For the history of North Korea before 1948 see Korea (History).
Since North Korea under the name of the Democratic People’s Republic of Korea was proclaimed in Pyongyang on September 9, 1948 in response to the establishment of the Republic of Korea (South Korea) on August 15 of the same year, the division of the Korean peninsula was permanent. As early as October 1945, the Soviet occupation power had allowed Kim Il Sung to appear at a mass meeting in Pyongyang, and with Soviet assistance his position of power was quickly and effectively consolidated. In 1949 Kim was both Prime Minister and Chairman of the Communist Party Korean Workers’ Party and, in practice, also Commander-in-Chief of the North Korean Army, established in February 1948.
- Countryaah: Check to see the location of North Korea on the world map. Also covers major mountains, rivers and lakes in North Korea.
The work of creating a Stalinist-cut folk democracy was interrupted by the Korean War, which erupted in June 1950 through North Korea’s attack on South Korea over the 38th latitude. The loud rhetoric of war on the reunification of the motherland had been fierce on both sides of the border before the outbreak, but the military initiative was taken by North Korea after consultations between Kim Il Sung and Josef Stalin in March 1949. Despite the end of the war in 1953 following a massive Chinese military intervention. With the status quo, Kim Il Sung managed to strengthen his position during the latter part of the 1950s. by eliminating several strong opposition groups within the Communist Party. To see more information other than history, please visit Abbreviationfinder to learn more about climate, population, government, and economy for the country of North Korea.
Foreign policy Kim Il Sung implemented a skilful balancing act in connection with the Sino-Soviet conflict and finally achieved a kind of neutrality. Relations with South Korea have been more or less tense throughout the post-war period (see also the Korea issue). The official contact attempts that started with the so-called Red Cross talks in 1971 have produced rather meager results. North Korea’s refusal in 1993 to allow the IAEA to inspect nuclear facilities led for a time to political tensions on the Korean Peninsula, which were nonetheless resolved through an agreement between North Korea and the United States in 1994. Following Kim Il Sung’s resignation in July 1994, his son Kim Jong Il took power.
The country has been in a serious economic crisis since the early 1990s, triggered by the Soviet Union and China starting to demand hard currency payments. Previously, the trade had been conducted on favorable terms. North Korea could no longer pay for its imports of primarily oil, which had negative consequences for the entire economy. In addition, in 1995 the country was hit by natural disasters in the form of floods and droughts, which made it necessary to seek food assistance from the outside world. North Korea has established diplomatic relations with more and more countries after the turn of the century, including within the EU, and has made some limited attempts to reform the economy and open the country to the outside world. China is the country’s closest ally and trading partner.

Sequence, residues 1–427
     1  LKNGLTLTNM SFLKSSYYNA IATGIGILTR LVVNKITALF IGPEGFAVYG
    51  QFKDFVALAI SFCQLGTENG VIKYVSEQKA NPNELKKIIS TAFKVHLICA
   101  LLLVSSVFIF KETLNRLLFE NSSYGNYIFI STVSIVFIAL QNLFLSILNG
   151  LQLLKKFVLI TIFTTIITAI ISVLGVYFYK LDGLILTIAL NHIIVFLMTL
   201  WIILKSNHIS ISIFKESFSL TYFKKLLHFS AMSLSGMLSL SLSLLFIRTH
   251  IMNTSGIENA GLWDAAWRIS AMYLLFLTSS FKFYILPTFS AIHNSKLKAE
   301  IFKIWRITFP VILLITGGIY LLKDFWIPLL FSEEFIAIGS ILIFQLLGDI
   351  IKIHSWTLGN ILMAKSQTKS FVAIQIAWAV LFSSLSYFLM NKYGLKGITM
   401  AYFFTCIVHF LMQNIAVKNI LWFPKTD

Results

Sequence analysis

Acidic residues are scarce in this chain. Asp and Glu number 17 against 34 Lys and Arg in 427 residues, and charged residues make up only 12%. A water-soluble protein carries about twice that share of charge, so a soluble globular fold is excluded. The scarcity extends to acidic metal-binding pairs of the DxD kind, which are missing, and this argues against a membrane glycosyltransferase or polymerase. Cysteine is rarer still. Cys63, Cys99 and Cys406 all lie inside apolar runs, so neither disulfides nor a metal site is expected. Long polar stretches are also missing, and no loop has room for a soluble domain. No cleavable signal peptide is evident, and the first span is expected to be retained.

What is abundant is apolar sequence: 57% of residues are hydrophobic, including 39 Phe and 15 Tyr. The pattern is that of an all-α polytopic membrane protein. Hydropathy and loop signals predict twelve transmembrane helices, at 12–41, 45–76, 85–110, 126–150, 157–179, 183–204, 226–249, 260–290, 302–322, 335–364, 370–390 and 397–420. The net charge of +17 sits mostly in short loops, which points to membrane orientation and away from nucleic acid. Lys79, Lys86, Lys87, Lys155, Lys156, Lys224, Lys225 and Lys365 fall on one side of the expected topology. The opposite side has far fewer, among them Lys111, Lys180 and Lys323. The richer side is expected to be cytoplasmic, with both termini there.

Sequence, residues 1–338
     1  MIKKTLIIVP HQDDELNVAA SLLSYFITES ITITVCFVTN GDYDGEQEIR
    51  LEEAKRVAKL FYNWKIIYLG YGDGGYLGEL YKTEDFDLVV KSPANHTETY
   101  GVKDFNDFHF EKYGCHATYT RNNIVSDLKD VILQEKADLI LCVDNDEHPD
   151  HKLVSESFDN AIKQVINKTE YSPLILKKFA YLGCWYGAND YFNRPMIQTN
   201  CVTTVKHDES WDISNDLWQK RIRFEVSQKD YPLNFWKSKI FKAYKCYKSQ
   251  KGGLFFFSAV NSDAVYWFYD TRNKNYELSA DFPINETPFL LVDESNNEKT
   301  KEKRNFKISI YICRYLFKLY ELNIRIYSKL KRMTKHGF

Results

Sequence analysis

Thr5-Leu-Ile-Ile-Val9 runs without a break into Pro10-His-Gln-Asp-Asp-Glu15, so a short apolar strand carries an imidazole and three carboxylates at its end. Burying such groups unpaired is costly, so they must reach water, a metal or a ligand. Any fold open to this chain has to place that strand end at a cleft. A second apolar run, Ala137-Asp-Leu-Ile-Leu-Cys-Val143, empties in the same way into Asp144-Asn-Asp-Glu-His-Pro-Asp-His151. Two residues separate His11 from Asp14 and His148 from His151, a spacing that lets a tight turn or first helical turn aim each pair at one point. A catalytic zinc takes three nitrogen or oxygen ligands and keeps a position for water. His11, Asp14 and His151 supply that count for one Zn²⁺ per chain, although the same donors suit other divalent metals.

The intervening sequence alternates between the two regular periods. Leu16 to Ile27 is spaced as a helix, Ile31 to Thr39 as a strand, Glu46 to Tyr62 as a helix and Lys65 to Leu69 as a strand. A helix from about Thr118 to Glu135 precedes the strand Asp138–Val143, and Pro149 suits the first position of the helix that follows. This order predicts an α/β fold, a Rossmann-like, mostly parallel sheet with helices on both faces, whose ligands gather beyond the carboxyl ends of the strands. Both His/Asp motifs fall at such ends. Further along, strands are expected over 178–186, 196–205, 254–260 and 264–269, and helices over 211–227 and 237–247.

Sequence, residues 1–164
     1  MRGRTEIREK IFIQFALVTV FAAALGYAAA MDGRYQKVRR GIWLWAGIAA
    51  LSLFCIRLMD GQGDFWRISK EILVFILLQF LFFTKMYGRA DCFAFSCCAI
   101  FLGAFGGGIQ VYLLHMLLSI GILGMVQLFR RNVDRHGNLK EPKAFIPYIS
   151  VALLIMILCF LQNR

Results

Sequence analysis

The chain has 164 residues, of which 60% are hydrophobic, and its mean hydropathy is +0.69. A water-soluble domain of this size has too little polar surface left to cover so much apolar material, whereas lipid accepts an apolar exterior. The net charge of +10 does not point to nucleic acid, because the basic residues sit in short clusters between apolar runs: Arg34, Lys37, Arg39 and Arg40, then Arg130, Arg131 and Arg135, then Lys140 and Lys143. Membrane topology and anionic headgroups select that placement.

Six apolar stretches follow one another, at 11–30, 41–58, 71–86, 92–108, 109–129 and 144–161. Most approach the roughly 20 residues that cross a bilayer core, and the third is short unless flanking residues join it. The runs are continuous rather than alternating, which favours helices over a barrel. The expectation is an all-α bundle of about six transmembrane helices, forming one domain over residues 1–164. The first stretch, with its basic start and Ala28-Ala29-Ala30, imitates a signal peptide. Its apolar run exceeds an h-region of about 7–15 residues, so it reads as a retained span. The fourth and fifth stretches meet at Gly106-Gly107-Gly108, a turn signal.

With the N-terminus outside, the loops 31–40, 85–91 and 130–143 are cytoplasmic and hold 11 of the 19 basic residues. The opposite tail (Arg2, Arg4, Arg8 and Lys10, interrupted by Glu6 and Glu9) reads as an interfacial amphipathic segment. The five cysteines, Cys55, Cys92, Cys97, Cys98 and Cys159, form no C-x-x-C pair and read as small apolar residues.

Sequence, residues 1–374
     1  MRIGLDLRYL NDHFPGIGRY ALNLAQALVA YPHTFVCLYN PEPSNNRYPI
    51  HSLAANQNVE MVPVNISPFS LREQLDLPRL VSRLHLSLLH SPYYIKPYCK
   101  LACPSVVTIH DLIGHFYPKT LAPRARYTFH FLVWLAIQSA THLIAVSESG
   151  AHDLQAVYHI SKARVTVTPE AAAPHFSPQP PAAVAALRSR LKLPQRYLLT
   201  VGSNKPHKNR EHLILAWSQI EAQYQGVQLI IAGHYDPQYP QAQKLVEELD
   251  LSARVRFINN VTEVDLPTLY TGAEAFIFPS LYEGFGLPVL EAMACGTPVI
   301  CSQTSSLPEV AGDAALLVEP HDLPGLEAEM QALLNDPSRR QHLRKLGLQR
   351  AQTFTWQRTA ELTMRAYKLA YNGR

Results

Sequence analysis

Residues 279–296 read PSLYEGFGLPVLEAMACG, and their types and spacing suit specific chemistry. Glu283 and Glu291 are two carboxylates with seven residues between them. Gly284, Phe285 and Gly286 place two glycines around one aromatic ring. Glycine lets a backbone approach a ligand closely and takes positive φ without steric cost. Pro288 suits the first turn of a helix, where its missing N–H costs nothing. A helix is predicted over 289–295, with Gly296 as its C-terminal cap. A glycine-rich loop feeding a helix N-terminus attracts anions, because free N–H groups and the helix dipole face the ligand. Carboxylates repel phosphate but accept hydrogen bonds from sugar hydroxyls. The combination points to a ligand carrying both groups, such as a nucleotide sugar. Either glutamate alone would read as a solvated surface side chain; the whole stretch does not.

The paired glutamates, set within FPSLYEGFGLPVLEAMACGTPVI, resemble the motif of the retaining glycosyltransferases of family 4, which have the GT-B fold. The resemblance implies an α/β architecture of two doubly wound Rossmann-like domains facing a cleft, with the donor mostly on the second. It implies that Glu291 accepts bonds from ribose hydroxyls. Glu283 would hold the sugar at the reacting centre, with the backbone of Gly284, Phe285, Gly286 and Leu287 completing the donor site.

In December 2011, Kim Jong Il passed away, after which his youngest son, Kim Jong Un, took over the role of the country’s dictator, formally through the leadership of the Korean Workers’ Party and the National Defense Committee. He has continued his representatives’ policies, which include investments in the country’s nuclear weapons and missile programs.
Nuclear weapons tests were carried out in February 2013, January 2016 and September 2016, which resulted in the UN Security Council adopting resolutions imposing stricter sanctions. Inter-Korean relations then became tense and South Korean President Moon Jae Ins’s attempt to establish contacts was met with cold hand. In addition, President Donald Trump’s tough policy has exacerbated long-standing relations with the United States. Another nuclear test was conducted in September 2017. The explosive force was then at least ten times as large as in the last nuclear test in 2016.
Kim Jong Un has continued the country’s isolationist policy and made no foreign visits. Chinese President Xi Jinping’s visit to South Korea alone in 2014 meant a breach of the previously held tradition that meant Chinese leaders first met North Korea’s leaders before meeting with South Korea’s head of government. China is North Korea’s most important ally, as well as the largest food and oil supplier, and has the most to fear about a possible collapse of the regime that could lead to large flows of refugees across the border.
In May 2016, for the first time since 1980, a party congress was held to consolidate Kim Jong Un’s power. Economically, there are few signs of reform, but since the crisis years in the 1990s, the informal economy has become increasingly important for the welfare of people and is therefore accepted by the government. The economy is said to be developing mainly in the capital Pyongyang, while the majority of the population lives in smaller cities or in rural areas under materially scarce conditions.
Kim Jong Un has, since taking office, executed a number of politicians with ties to the former government led by his father Kim Jong Il, which in 2013 was expressed in the execution of Kim Jong Un initiated by his uncle Jang Song Thaek (born 1946) who had great influence in the regime. In 2017, Kim Jong Un’s half brother Kim Jong Nam (born 1971) was also murdered at an airport in Kuala Lumpur.
In April 2018, Kim Jong Un and Moon Jae In met in a meeting that led to a joint statement to realize a nuclear-free Korea Peninsula and the Korean War to formally end in 2018.